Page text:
A new study published in Behavioral Sleep Medicine has found that beginning a romantic relationship or going through a breakup can impact poorly upon the sleep of adolescents, particularly in younger adolescent females.
Adolescence is a turbulent, dynamic period characterized by new experiences, one of which may be commencing a romantic relationship. While engaging in a relationship is ideally a positive experience that can boost mental health, relationships are major life events that can potentially act as a source of stress. Adolescents can be impacted emotionally and behaviorally, with research suggesting issues such as lowered self-esteem, more mood swings, and more alcohol and substance abuse.
This in turn could have detrimental impacts upon sleep, where adolescents can experience insomnia symptoms, such as struggling to fall asleep, sleeping for shorter time periods, or frequently waking up during the night.
However, previous research investigating the exact relationship between adolescent romantic experiences and sleep has provided mixed results, with some studies suggesting shorter sleep duration, other studies not finding any association between the two factors, and the remaining studies suggesting an improvement to subjective sleep quality.
Additionally, little is known regarding how adolescent age and sex influences this association.
The study team, led by Xianchen Liu from the University of Pennsylvania, aimed to clarify this ambiguity with a focus on Chinese adolescents.
Over the course of one year, 7,072 middle school and high school students were followed. The students began the study in grade 7, 8 or 10, and completed baseline questionnaires about their romantic experiences within the last year, their insomnia symptoms, and their sleep duration at night.
Information was also collected on various factors that could affect romantic relationships and/or sleep, including age, sex, smoking, alcohol use, family socioeconomic status, parents’ marital status, and depressive symptoms.
The same data points were again collected one year later in follow-up surveys.
After adjusting for the variables that impact romantic relationships and/or sleep, Liu and authors discovered that at baseline, there was an increased chance of insomnia symptoms that were associated with starting a relationship (41% increase), ending a relationship (35% increase), or a combination of both (45% increase).
Experiencing both the start and end of a relationship at baseline was associated with a 30% increased chance of short sleep i.e. under seven hours a night.
When re-examining the adolescents one year later, those who had entered into a relationship were found to have a 61% higher chance of new insomnia symptoms, and those who experienced a break-up had a 43% increased chance of developing new insomnia symptoms.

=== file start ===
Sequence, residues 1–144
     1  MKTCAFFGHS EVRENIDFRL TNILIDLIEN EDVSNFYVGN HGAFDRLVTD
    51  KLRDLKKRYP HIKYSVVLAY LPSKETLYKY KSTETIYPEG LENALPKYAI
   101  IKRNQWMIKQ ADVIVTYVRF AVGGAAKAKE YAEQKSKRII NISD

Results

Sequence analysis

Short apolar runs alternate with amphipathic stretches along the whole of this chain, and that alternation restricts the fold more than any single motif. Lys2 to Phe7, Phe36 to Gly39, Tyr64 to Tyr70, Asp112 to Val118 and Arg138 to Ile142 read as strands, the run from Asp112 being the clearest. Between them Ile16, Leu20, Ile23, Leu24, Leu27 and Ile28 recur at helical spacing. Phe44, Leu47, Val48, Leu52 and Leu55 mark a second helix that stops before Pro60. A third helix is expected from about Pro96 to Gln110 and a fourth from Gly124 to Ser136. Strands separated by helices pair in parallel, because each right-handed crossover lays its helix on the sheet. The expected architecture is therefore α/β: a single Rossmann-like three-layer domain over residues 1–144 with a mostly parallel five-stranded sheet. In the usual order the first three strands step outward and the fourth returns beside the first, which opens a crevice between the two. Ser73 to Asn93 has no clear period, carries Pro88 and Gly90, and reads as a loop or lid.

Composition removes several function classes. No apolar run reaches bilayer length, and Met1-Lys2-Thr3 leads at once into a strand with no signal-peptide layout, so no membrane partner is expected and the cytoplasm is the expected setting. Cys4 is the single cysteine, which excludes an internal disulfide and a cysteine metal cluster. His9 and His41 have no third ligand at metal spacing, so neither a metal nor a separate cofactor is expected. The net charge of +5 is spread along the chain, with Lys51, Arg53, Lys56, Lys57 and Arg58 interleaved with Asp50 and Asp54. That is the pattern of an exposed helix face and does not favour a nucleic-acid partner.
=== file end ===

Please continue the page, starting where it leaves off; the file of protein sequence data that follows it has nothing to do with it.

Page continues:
The researchers concluded that “romantic relationships not only have short-term impacts on sleep quality and quantity but also are significant predictors of insomnia symptoms one year later” and that various factors could contribute to this, such as life stress, hormonal changes and psychosocial development.
Additionally, the relationships between romantic involvement and sleep difficulties were discovered to be greater in younger adolescents (under 15 years old), compared to older adolescents (at least 15 years old), and was particularly evident in females.
Psychological, social, and biological development may explain poorer sleep in early adolescence, with the authors suggesting “fast physical growth and sexual development, marked sleep changes, need for more independence and privacy, and immature decision-making and stress management skills” as potential mechanisms. However, more studies are required to unpack the influence of sex in the relationship between romantic experience and sleep, as the current analyses did not provide conclusive support towards the notion that females and males are impacted differently.
Notably, the results must be viewed through the lens of traditional Chinese culture. Involvement in relationships as an adolescent deviates from social norms and thus the stresses of entering or ending a relationship could be exacerbated, and consequently sleep problems could be amplified. The authors noted that further research is required to ascertain how this may differ in Western culture.
There are some caveats to be considered. As the data was reported by the adolescents themselves, results may have been biased. Additionally, the questions may have been interpreted with some liberty, with the authors suggesting that some adolescents may have interpreted experiences of having a crush or unrequited love as meeting the criteria of having ‘entered’ into a romantic relationship. Finally, data was not collected on other important factors that should be considered in romantic relationships, such as the number, duration and quality of relationships, or the rationale behind break-ups.
The study, “Starting a Romantic Relationship, Breakups, and Sleep: A Longitudinal Study of Chinese Adolescents”, was authored by Xianchen Liu, Zhen-Zhen Liu, Yanyun Yang and Cun-Xian Jia.